So what happened on that walk seven years ago today, August 17? On that crosswalk, I imagined the possibility of the death of a child I loved, and while this is still an unbearable thought, it changed my interior landscape permanently.
That summer morning, seven years ago today, I was walking through Boston’s Chinatown on my way to meet my two-year-old niece Joli, her parents, and my parents for dim sum. They were in town for a medical appointment with an eye specialist for Joli. There was concern about a lazy eye.
Although it was a beautiful day in Boston, the sidewalks and buildings washed in yellow light, I didn't notice. It embarrasses me now to reveal this. I was in pain. A gray rain cloud followed me everywhere. And what was my big complaint?
I was a loser, a failed novelist, and I felt worthless.
I had left Boston in my twenties and moved to California for an MFA program in creative writing. I was full of ambition and dreams. But years later, in my thirties, I returned home to Boston without achieving what I’d set out to do: to become a novelist, preferably a highly paid and famous one. Some of my classmates in my small MFA program had already published in the New Yorker and other magazines, made best-seller lists with their first books, and were already publishing their second and third ones. Movies based on their writing were being nominated for Academy Awards.
My friends and siblings, who were not writers, were throwing weddings and birthing babies and buying homes. They were getting on with their adult lives. And what was I doing? I continued to live like a student, piecing together several low-paying jobs. I was earning less than I had a decade earlier with my first job out of college. I was collecting rejections for fiction and essays I’d submitted to literary magazines. I avoided bookstores because each time I saw an acquaintance’s new book displayed on a table, I wanted to cry. I was ready to give up.
The only time I felt respite from feeling like a failure was the one day every week that I spent with my niece Joli. She was curious about the world and how it worked. It was a relief to shift my focus from everything I wanted and couldn’t have, to Joli’s needs and interests. At two years old, she could say the word, “pterodactyl,” and never tired of saying it. She could recite the alphabet through “F.”
In those days, I was always running late (depression makes it hard to get out of bed), and that summer morning was no different. I stopped in front of CVS and called my sister Liza, Joli’s mother, to tell her.
“We’re not going to lunch anymore,” Liza said. Her voice sounded muffled, as if she were standing in a corner, and hiding her face. “They think Joli has cancer,” she said.
I stopped in the middle of the sidewalk. People rushed around me. There was talk of surgery to remove the cancer, which meant removing Joli’s eye permanently.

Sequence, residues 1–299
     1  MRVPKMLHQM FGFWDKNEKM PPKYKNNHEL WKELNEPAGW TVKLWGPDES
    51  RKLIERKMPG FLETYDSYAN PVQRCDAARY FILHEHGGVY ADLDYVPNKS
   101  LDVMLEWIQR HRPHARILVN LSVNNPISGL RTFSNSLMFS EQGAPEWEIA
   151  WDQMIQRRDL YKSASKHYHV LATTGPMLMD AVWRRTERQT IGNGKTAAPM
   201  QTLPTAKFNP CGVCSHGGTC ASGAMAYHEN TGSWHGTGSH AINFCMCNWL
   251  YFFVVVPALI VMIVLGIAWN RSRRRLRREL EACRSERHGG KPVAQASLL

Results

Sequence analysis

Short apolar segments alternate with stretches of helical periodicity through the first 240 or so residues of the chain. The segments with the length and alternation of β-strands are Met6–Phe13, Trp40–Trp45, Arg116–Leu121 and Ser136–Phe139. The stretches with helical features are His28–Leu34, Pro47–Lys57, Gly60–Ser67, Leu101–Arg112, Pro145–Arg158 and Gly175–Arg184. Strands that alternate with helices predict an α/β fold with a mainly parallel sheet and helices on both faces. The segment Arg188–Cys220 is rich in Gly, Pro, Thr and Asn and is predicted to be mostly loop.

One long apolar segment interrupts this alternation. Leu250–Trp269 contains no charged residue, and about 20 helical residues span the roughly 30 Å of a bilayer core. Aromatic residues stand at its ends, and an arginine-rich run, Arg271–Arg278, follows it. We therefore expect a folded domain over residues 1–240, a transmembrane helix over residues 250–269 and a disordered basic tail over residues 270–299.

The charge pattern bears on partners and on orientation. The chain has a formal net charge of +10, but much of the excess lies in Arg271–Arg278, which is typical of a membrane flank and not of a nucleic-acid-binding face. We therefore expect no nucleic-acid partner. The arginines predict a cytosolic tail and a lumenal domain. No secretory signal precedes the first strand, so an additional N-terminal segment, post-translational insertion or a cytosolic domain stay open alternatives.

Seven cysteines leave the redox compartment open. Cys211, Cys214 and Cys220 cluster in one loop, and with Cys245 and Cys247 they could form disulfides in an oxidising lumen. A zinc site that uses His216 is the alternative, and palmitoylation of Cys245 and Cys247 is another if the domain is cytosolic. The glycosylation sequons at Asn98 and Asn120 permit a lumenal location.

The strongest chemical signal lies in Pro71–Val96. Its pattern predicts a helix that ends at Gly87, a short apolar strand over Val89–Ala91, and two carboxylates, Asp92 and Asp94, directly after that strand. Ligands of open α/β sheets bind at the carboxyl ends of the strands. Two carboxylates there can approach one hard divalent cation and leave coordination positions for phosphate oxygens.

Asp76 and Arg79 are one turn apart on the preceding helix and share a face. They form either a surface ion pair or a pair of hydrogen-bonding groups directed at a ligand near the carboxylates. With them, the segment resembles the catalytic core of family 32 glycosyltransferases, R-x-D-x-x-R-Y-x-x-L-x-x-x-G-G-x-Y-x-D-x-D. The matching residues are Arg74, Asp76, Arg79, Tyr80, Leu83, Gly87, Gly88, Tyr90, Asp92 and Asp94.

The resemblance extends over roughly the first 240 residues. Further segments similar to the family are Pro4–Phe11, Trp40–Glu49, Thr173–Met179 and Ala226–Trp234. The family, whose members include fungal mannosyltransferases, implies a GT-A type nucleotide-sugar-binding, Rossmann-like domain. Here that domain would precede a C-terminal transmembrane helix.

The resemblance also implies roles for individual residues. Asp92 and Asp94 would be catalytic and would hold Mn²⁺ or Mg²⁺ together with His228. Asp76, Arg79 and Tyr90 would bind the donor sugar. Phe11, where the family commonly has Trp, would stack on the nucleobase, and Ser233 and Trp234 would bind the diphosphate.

They were headed to another hospital to see another specialist. “Wait for me,” I said. “I’m coming with you.”
I didn't know this yet, but learned later how serious this disease is: Children went blind from this cancer. They also died. We didn’t know what would happen to Joli, if something unspeakable was waiting for her.
It was only a five-minute walk down Washington Street. I crossed Essex and by the time I reached Kneeland, the gray weather inside me had changed permanently. I walked over the crosswalk, traveling from before to after.
The diagnosis changed her life circumstances suddenly, and I needed to be someone else the next time I met my niece. So my life wasn’t turning out the way I had dreamed it would in my twenties? There were worse things. And I would be no good to Joli depressed.
Whether I had written a novel or made a lot of money was of no value to my niece. What mattered now was who I was going to be in her moment of need. I needed to show up fully present for the next several months as she gave up her eye and adults in white approached her with needles and bags of poison. She needed me to talk to her kindly when people stared at her face too long and to comfort her when strangers thought she was a boy. And I also needed to help her have fun like when I let her go outside in her rain boots to stomp in as many street puddles as she wanted to even though it was a cold February day and her white blood cell count was low.
Because I didn't have a full time job, I was able to spend a lot of time with Joli. Being there for her and her parents when she had cancer makes me more proud than anything I’ve ever done.
Now, my niece is nine. As for me, materially, my life isn’t all that different. I haven’t published a book (yet), but I'm working on it and I hope to someday. I'm still ambitious, but things are in perspective. Love matters more.
So what happened on that walk seven years ago today, August 17? On that crosswalk, I imagined the possibility of the death of a child I loved, and while this is still an unbearable thought, it changed my interior landscape permanently. Although I was forced to consider the worst of life’s possibilities, in that moment somehow I regained hope that other things, maybe even wonderful things, could be possible in this life, too.